When would you say Egypt was musically and creatively ‘freest’...

I cannot judge upon the entire history of Egypt, but I can tell you there was more freedom before the 1952 revolution. Cairo was a totally different city. You had many different nationalities, and people. Young people think that fusion is happening right now which is totally wrong. If you hear old songs by Mohamed Fawzy or watch old Arabic movies with Ismail Yassin - he had his own Brass section playing behind him.  There was this kind of mix in society; it wasn't all through the internet and anything like this. So I know if you go back, back and back it'd be much different than it is now.

You were once quotes as saying you created Arabic Pop music...

I'll tell you something, during the 80s I made many songs including Mohamed Mounir, Amr Diab, Taymour Couta and Delta Sounds’ first works. During that decade I created almost every pop hit. 

What was your first memory of playing an instrument?

That dates back to when I was six years-old when I started playing piano. Nasser was in power at the time. We had many Russian musicians and experts in the country. Russians are known to be of the best in classical music and that is what I learnt when I was six... very, very young. Later on, I played lots of pop music of that time - The Beatles, that kind of thing.

And then came Jazz…

Yeah, I passed through many phases but then I became interested in Jazz, before evening knowing it was Jazz. I was listening to Jazz on the radio on an American channel that was broadcasting here at the time, and then I started learning. Later on I travelled to New York and studied with people.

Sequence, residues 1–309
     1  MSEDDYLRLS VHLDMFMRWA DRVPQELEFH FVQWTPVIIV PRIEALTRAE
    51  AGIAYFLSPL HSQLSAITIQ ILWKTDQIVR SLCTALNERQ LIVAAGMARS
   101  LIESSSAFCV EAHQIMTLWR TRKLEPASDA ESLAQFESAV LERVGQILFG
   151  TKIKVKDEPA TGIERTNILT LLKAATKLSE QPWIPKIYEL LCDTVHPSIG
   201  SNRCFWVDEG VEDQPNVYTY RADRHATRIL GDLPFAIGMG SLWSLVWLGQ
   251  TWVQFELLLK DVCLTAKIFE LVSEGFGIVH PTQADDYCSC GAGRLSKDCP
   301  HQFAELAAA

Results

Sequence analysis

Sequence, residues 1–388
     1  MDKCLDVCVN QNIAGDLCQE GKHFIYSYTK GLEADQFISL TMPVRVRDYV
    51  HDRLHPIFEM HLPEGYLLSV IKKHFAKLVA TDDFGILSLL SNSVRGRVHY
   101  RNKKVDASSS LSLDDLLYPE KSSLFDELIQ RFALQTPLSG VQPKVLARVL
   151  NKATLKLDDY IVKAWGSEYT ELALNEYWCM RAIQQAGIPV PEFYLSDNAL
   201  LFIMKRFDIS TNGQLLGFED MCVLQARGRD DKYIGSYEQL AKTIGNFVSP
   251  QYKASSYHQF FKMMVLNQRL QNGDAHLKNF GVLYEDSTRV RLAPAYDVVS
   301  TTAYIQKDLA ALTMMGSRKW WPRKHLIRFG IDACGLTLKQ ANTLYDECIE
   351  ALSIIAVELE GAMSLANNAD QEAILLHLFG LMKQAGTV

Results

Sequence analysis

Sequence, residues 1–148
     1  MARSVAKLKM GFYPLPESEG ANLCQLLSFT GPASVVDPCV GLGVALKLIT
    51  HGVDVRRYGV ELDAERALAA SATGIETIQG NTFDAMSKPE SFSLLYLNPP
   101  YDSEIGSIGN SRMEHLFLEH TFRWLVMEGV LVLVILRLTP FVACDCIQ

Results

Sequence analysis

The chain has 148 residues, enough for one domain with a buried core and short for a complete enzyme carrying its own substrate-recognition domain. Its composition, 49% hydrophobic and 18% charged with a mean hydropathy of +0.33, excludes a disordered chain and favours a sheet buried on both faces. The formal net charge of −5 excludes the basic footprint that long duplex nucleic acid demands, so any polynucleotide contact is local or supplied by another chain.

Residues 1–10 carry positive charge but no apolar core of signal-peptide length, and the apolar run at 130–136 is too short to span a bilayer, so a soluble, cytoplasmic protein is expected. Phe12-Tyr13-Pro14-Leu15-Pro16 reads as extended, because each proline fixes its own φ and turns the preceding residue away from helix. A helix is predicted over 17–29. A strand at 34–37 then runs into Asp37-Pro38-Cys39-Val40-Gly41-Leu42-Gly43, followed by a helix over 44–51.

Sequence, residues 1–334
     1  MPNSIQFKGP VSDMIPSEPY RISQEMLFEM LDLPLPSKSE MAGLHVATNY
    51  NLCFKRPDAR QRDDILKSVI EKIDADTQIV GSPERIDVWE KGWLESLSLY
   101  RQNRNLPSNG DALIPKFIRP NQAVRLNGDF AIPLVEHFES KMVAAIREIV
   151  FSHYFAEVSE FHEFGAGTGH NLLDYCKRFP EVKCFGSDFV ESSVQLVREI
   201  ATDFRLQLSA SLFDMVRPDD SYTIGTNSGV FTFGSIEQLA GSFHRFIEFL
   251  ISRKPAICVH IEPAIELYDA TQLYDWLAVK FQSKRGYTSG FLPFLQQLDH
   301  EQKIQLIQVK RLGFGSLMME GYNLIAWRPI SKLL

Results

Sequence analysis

Do you think the move to New York helped make your career?

Going to New York, I was lucky that I studied with great people like Berry Harris, Hal Galper and different people at that time. And through this, I learnt a lot and if you compare New York to Cairo there is no comparison.

You've mentioned a few names there, but if you could choose one person, who was your greatest influence at that time?

I don't think I have one, greatest influence personally because even up until this very second I'm interested in different things at one time that vary from Pop music to Jazz to Classical music to traditional music not only from Egypt. I'm very much into Indian music, Chinese music, into very different kinds of music.

Let’s talk about the ‘underground’ music scene in Egypt…

Underground music, I don't think should be called underground, first of all.  Underground means someone who experiments with a new form and isn't looking for fame and money. They don't seek to be on a big stage and prefer to play in smaller places, yet these factors don't seem to apply at all to underground music. But a lot of underground musicians now lack a lot of information and education and want to be famous tomorrow and can't put up with the fact that pop music is far more famous.

There is no new form or anything, they take old songs and replay them on drums, guitar and bass and think that this is good to be played in clubs. Or they take American forms like Country music or totally shallow Rock music and put some Arabic lyrics on top with no originality behind it. If you ask about 'Mahraganat' for me, I love it, but they're starting to become the same thing over and over because they fell into the same problem of others; trying to be famous, wanting to make money quick and wanting to change nothing.